Khulna-Jessore Drainage Rehabilitation Project (KJDRP)


Although a draft plan for CERP project was prepared for solving the water-logging problem, it could not be implemented for different reasons. Later, with financial and technical assistance provided by Asian Development Bank (ADB), Khulna-Jessore Drainage Rehabilitation Project (KJDRP) was taken up in 1993-94. With an initial estimated expenditure of 62 million dollars (Tk.229 crores and 50 laks), it was the largest project of its kind taken up so far. The six year project is being implemented by Bangladesh Water Development Board, with assistance provided by Agricultural Extension Department and the Department of Fisheries. The aim of the project is to 'solve the water-logging problem to increase agricultural production and alleviate poverty of the area through farm-based employment generation.'

The project implementation authority hopes that if the project is implemented in time, about 100,600 hectares of land of 68 unions under 8 thanas of Khulna and Jessore districts will become free from water-logging; as a result, about 800,000 people will benefit from a poverty free and healthy life.

The project area lies within the coastal embankment project, to the south-west of the main Khulna-Jessore highway. Fultala, Metro, Batiaghata and Dumuria thanas of Khulna district, and Sadar, Abhoynagar, Keshabpur and Monirampur thanas of Jessore district are included in the project area.

The project has the following components:

  1. Involvement of the target population at every stage of the project;
  2. Physical infrastructure rehabilitation programme;
  3. Agricultural development;
  4. Fisheries development.
Brief description of successive proposals

During the planning stage of the Second Coastal Embankment Rehabilitation Project Haskoning (1993) designed a drainage plan.

This plan was divided into two parts - the Khulna part consisting polders 25.28 and 27. and the Jessore part or the north-west part.

The planners' observation was that "the drainage plan of the Khulna part was found satisfactory, but the drainage plan of the north-west part was not acceptable to the people. Three alternative proposals were initially made for this part."

The problem is with Jessore region. Huskoning drainage plan was formulated first. The people opposed this plan. Afterwards five drainage plans were formulated in succession and presented before the people. All these were abandoned in the face of peoples resistance. A brief statement of the plans and the apprehended resultant negative impacts are furnished below.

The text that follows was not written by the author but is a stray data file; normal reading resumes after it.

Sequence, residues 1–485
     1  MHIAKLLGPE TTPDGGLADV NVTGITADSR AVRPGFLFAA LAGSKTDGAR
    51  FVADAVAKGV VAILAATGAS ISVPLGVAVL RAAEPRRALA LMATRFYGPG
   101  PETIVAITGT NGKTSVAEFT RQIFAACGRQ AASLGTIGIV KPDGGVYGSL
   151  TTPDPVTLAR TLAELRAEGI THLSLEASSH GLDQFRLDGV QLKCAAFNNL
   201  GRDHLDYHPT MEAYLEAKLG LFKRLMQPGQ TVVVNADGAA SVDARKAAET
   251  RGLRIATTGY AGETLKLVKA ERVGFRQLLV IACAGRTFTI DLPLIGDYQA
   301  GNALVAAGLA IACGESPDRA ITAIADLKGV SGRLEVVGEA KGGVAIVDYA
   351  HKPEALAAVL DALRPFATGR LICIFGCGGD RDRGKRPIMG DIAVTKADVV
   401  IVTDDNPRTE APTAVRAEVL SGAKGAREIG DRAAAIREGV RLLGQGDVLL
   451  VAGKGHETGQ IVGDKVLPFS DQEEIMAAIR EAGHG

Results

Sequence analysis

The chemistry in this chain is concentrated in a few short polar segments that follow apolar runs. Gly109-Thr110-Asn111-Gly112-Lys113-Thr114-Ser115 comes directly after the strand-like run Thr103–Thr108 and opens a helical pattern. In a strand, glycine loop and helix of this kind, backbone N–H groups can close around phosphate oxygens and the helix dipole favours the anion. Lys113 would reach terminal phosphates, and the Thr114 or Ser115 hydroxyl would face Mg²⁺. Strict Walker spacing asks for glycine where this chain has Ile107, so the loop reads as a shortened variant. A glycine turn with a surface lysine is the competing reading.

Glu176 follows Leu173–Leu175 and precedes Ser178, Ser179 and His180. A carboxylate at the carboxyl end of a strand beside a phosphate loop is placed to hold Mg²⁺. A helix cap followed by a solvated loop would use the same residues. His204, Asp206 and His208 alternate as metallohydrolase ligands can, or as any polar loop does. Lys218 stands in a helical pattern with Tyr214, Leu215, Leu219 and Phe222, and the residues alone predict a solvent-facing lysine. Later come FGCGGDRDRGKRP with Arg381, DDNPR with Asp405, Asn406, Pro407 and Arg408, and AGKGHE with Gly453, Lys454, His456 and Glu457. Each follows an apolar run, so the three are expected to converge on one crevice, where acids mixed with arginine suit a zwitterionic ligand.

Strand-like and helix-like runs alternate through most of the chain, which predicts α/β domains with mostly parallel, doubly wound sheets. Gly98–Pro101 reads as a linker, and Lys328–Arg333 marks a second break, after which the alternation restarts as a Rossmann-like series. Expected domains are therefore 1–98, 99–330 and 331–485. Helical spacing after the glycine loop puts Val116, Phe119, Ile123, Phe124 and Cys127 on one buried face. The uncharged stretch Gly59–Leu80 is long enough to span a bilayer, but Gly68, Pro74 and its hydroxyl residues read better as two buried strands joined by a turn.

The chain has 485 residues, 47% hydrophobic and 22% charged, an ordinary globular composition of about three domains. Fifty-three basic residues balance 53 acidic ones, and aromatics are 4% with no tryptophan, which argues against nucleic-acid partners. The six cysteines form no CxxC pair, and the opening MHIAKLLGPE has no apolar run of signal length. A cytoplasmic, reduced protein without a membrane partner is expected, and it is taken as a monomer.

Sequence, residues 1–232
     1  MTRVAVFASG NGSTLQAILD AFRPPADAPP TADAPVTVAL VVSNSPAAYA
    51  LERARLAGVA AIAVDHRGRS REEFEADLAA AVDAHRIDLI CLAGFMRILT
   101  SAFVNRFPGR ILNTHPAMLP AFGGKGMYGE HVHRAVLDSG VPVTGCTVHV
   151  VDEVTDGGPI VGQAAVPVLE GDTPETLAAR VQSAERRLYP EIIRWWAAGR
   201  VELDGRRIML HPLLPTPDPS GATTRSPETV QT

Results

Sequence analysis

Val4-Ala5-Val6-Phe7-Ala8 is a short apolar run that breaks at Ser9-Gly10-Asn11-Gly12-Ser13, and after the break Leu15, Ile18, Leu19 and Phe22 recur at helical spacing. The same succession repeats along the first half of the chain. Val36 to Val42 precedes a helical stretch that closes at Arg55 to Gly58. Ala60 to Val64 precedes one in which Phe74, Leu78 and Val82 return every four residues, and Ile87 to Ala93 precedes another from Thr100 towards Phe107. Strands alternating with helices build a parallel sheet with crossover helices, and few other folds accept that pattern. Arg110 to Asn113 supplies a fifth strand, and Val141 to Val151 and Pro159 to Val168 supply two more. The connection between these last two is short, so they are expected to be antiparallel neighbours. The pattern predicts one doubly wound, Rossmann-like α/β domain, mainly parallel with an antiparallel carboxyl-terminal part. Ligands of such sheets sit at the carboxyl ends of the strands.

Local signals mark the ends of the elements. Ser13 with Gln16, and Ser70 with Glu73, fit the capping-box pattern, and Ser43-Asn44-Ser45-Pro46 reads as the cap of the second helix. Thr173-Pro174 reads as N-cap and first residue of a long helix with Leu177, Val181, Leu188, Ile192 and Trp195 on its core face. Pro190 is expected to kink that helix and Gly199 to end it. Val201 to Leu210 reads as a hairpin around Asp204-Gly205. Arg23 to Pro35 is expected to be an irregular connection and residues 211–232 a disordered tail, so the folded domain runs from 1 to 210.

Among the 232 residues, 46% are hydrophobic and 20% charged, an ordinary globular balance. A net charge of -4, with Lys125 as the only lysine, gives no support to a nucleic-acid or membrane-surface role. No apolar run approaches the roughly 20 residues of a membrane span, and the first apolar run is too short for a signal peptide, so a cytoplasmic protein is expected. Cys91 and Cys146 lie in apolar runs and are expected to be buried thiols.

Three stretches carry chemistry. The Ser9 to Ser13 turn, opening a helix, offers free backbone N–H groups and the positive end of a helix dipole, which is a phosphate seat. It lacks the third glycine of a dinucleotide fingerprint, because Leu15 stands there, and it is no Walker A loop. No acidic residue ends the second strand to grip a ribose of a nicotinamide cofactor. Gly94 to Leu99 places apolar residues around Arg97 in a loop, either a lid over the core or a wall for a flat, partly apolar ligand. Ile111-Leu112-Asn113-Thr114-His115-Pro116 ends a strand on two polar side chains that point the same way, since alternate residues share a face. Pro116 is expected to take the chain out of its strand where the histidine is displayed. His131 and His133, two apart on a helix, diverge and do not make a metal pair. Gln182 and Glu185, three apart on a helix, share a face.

The drainage plans were -

CERP proposal, also known as Huskoning plan: FAP-4 proposal, also known as Halcrow plan; the plan proposed by the engineers of Bangladesh Water Development Board (BWDB); The plan proposed by the consultants of Khulna-Jessore Drainage Rehabilitation Project (KJDRP proposal).

Later, KJDRP proposal was modified and enlarged, and came to be known as KJDRP-1 and KJDRP-2 plans.

Command area of the drainage proposals

Huskoning Plan -- 1006

Halcrow Plan -- 1306

BWDB Plan -- 1306

[The action area of the two later proposals has 300 more area than in the Huskoning Plan] KJDRP-1 Proposal -- 1006

KJDRP-2 -- 1126

[120 more area than in the Huskoning Plan]

Estimated cost of the Drainage Plans (in Taka)

Huskoning Plan according to the first drainage plan -- 229 crores 48 lakh

Modified Huskoning Plan -- 238 crores 27 lakh

FAP - 4 Plan -- 286 crores 29 lakh

BWDB Engineers' Plan -- 274 crores 16 lakh

KJDRP-1 -- 216 crores 23 lakh

KJDRP-2 -- 233 crores 22 lakh

Review of the above proposed drainage plans under Khulna-Jessore Drainage Rehabilitation Project (KJDRP).

The proposed drainage plans under Khulna-Jessore Drainage Rehabilitation Project has been reviewed in three sections.

    1. Review of the concept;
    2. Review of activities so far implemented by KJDRP;
    3. Review of the effectiveness of the proposed drainage plans.